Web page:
“After the prognosis last week, that she had only a few weeks or possibly months to live, the family left the doctor’s office and walked into the hallway. Mom said she had accomplished everything she wanted to do and had no regrets. The next morning, she said, “it’s time to get going,” and she died that afternoon. She was gentle and frail in so many ways but so strong in many others. She loved the rain and hated the snow. She is, and will continue to be brilliant as a teacher and as a testifier.”

Can you see how her personality, her likes and dislikes, her talents and interests became the treasure she gave her children? She shared herself and that was the perfect gift. She didn’t seem to spend her time trying to be someone else, or putting herself in competition with others. She gave who she was, and that is inspiring and liberating to me.

Thank you Carol for your love and friendship. And mostly for your walk as an outstanding wife, mother, grand mother and friend. I will miss you so much!

Love and hope on.











Gratitude Draws Support


It was brought home to me very powerfully this week, to hear a sweet young mother giving thanks for what she has and adjusting her outlook to the parameters that are her reality right now.

Her gratitude, in the midst of what has been frustrating circumstances in her life, was like a call to all who know her to rally to her aid and rejoice with her in the blessing she acknowledged!

That beautiful energy of light and inspiration came through her words and touched my heart.

What beauty surrounds us as we find ways to accept the things we cannot change and find the strength and courage to seek out the good and give thanks and appreciation for the blessings that are always overflowing, whether we notice them or not.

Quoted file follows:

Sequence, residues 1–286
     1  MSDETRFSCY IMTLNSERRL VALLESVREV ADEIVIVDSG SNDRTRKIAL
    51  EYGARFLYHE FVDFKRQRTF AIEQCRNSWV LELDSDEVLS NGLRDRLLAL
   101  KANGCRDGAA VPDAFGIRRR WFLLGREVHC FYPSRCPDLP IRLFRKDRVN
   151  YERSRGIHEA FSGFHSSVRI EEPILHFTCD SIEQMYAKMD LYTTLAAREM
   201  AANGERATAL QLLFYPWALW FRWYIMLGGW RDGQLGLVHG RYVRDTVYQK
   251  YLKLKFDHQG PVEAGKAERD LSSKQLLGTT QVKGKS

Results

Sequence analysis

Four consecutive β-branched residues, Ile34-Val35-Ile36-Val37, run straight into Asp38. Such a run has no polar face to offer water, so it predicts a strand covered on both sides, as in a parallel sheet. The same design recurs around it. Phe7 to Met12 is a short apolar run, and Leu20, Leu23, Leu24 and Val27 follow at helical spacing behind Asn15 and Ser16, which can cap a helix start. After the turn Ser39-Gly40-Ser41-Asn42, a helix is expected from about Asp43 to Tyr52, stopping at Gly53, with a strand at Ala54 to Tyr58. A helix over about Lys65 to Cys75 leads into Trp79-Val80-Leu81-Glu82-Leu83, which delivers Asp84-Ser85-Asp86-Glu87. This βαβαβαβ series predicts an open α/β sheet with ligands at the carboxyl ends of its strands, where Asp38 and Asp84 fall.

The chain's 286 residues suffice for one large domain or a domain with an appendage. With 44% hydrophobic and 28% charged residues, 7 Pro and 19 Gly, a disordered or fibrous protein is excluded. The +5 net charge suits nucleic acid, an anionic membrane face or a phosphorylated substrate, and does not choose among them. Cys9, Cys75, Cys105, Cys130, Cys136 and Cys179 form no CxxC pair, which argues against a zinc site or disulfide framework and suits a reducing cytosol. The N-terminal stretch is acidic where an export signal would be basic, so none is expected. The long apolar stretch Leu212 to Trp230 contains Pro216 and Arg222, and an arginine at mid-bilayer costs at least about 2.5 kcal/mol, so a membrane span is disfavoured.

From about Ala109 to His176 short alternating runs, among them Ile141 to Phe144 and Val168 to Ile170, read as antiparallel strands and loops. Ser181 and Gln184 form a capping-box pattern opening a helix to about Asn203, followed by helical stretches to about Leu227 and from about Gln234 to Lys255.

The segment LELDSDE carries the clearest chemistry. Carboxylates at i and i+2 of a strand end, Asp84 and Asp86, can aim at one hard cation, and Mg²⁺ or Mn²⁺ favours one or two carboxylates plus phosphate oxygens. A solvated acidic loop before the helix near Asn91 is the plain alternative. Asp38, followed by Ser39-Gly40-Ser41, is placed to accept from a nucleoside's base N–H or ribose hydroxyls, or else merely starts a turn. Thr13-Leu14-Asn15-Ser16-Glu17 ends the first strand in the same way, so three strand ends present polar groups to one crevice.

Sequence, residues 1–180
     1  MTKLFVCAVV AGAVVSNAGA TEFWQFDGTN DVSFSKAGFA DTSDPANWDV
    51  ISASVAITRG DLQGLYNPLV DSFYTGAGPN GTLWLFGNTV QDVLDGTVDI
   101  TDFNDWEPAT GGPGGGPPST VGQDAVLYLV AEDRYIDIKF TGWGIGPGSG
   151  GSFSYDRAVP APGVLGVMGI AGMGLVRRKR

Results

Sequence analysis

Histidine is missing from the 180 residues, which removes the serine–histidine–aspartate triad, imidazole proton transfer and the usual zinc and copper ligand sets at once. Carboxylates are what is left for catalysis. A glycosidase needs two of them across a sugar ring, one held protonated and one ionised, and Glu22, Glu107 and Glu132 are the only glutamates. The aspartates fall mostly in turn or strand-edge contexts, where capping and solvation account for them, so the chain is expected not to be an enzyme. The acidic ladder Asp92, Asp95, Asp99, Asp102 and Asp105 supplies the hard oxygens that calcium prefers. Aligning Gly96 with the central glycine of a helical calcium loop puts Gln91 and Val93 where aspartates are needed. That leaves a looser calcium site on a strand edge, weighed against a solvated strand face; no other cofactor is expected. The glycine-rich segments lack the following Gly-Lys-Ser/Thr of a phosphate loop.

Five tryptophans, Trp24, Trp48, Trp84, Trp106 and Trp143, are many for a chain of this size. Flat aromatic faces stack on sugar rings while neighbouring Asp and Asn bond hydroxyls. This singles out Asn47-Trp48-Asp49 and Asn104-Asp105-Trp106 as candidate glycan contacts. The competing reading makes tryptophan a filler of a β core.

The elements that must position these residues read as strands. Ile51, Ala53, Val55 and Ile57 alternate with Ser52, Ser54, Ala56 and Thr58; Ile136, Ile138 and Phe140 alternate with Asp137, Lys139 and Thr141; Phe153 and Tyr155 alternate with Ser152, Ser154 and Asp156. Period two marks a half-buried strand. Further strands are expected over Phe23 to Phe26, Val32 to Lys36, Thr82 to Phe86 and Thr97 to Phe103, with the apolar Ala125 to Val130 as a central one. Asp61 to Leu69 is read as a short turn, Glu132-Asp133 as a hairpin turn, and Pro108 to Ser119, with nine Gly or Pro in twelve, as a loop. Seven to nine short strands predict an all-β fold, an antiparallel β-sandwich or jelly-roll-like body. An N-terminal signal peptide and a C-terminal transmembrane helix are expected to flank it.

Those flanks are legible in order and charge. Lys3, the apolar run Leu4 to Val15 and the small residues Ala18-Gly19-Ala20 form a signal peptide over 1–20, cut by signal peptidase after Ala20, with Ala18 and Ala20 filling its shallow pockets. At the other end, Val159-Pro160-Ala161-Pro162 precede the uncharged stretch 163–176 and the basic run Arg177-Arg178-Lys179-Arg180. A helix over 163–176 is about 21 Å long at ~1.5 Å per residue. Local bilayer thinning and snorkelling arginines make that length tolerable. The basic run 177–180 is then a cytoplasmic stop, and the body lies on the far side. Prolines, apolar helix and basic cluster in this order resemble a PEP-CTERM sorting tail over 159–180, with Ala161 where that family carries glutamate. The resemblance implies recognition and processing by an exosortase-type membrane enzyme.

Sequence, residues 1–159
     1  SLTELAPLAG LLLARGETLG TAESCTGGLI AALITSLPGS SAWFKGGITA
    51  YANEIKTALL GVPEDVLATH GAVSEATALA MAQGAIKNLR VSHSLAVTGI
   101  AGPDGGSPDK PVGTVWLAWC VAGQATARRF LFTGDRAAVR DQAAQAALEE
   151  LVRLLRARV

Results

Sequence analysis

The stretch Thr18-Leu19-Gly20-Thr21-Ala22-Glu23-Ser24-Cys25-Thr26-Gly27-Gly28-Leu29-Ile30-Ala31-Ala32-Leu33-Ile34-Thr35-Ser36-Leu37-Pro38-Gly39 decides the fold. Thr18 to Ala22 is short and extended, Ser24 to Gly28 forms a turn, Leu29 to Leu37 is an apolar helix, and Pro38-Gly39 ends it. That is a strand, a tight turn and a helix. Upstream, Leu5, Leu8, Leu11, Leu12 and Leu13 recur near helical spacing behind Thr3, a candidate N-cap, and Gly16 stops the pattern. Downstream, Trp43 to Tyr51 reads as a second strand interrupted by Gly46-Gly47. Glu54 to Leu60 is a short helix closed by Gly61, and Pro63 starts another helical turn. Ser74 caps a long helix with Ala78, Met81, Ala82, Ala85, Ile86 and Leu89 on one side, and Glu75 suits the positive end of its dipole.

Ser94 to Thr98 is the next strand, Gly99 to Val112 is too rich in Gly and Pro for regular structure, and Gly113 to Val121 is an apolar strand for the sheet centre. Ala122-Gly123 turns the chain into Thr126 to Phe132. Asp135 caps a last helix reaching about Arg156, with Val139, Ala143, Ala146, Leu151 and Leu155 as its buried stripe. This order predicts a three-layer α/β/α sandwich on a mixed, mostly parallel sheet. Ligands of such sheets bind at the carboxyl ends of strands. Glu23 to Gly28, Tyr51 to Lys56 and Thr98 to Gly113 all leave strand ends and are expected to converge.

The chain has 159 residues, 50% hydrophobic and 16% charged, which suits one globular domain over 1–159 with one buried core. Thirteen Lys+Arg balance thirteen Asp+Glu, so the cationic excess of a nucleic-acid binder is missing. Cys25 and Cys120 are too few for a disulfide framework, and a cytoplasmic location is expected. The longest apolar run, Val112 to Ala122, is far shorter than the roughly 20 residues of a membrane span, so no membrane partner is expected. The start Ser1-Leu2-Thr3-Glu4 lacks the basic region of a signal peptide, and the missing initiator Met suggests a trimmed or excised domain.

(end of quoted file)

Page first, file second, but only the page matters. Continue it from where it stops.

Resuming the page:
Have a wonderful, counting blessings week ahead!

Love, love, love,


Thanks for the inspiration Bree!!

“I love my life.”

“I am decisive and prompt.”

“I give thanks in all things.”

“I receive insight in the midst of offering gratitude.”

Turn It Around


When it comes to self-care, what is the biggest mental hurdle that gets in the way of your planning and accepting care?

I’m going to take a guess that it is the sense that amid your family responsibilities, you don’t feel that you have the time, or that you might be perceived as self-centered or, selfish if you make the time!

You’ve heard stories of mothers who have given everything in order to keep their children from starvation or some kind of peril. And on the other hand you’ve heard of mothers who abandon their children for another life.

Or, maybe you have felt abandoned yourself and decided that it’s the last thing you would ever want to do to your children.

So, there’s a balance to strike here.

First of all, you need to know what your goal is and that can be tricky. I don’t know how you would describe the outcome you want, but I think that for the most part, the ideal we are all trying to reach by making choices that will benefit our families, is that of intimacy, or said differently, a real connection to family members that is dynamic and real.  It’s creating the kind of connection where real sharing, listening, learning and teaching occurs. It’s a place of safety and freedom for each person to feel understood and to find joy in one another.

What I’ve come to recognize in my experiences, is that there are multiple ways to sabotage relationships. They’re not only dependent on your physical availability, but also on the ability to be engaged and feeling, the ability to forgive and move on and the desire of both parties to share, to name a few. All of which are crucial matters for family wellness.

And here’s the point: It’s very difficult to be in an emotionally available place when you are tired or bored or feeling uninterested in life!  {As I write that, I remember the fog caused from riding the hormone roller coaster of pregnancy and nursing and losing sleep to care for babies and then doing my best to function during the days! But, that stage passes, and life goes on in growing times and seasons as anyone who has given birth or is raising a child knows!}

But in general, self-care is the thing that helps you to be awake and alive and interesting and emotionally available to your people!

It is relationship preservation.

So, the next time you are tempted to discount your need for self-care, please consider the benefits your family will reap from your wellness, and jump in!

And give thanks!

All my best to you,